10 Years Younger in 10 Days is surprisingly hardcore, as if a team of aliens had descended from planet Botox to mold us in their image. For one, it sprinkles low-key cosmetic surgery procedures into an average makeover show (this somehow seems more sinister than Extreme Makeover, which is a bit more up-front about things.) But more bizarrely, it deposits its participants in large perspex boxes, smack-bang in the centre of Circular Quay… to be judged. And then there’s Sonia Kruger who emanates a hardcore, gym-buffed, tanned, no-nonsense Sydney socialite vibe.
But there’s also a naff element to things. The advisory teams seem a bit… clunky. Lots of awkward silences and uncomfortable laughter. Like they’re trying to be either Carson or the horrid Trinny and Sussanah. And the “looks” they create are somewhat kitchen-sink… Whiter teeth, less weight, more tan… pink for the girls, blue for the guys. “Let’s bring out your feminine side”, and so forth.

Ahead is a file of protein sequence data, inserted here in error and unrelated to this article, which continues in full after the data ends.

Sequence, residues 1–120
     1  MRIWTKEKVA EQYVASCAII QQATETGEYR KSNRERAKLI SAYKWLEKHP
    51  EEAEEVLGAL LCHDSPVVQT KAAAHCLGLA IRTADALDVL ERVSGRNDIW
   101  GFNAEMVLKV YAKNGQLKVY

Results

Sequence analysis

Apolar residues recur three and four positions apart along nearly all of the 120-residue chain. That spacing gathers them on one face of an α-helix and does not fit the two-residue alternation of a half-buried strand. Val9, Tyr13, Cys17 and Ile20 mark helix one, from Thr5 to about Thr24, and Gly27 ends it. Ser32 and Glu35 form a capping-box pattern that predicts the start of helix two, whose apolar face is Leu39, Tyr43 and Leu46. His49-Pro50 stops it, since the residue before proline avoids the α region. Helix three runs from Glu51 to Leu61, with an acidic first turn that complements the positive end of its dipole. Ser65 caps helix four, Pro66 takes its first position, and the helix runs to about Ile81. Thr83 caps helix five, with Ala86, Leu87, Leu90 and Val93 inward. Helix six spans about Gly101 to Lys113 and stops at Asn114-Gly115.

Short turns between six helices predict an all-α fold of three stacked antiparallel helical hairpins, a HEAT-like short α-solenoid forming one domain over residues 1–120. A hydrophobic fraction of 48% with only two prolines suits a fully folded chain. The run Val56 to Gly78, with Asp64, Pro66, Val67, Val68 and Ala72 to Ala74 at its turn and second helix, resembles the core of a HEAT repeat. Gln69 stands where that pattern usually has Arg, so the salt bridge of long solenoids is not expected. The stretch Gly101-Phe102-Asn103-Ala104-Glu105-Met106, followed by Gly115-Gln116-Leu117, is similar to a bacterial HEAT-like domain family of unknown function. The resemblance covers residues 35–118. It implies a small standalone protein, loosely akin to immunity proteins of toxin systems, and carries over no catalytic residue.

And most shockingly, last night the “lack of hair” problem “suffered” by the male participant was solved by shaving off the top plate of his head, and then glueing on a “semi-permanent” hair solution. This reminded me of the unconvincing room makeovers delivered by Changing Rooms — you always got the sense that the “nautical themed” kids room wouldn’t survive a week of real-life living, and nor do you get the sense that a “semi-permanent” hair solution is gonna look quite as permanent in a few weeks time. But seriously, the evil subtext is that it’s making botox, eye-lifts and tummy tucks seem as everyday as dye-jobs and a new fringe. Maybe it is a bit of an arbitrary boundary, but stretching the scope of conformist self-recreation to include the body is a bit frightening.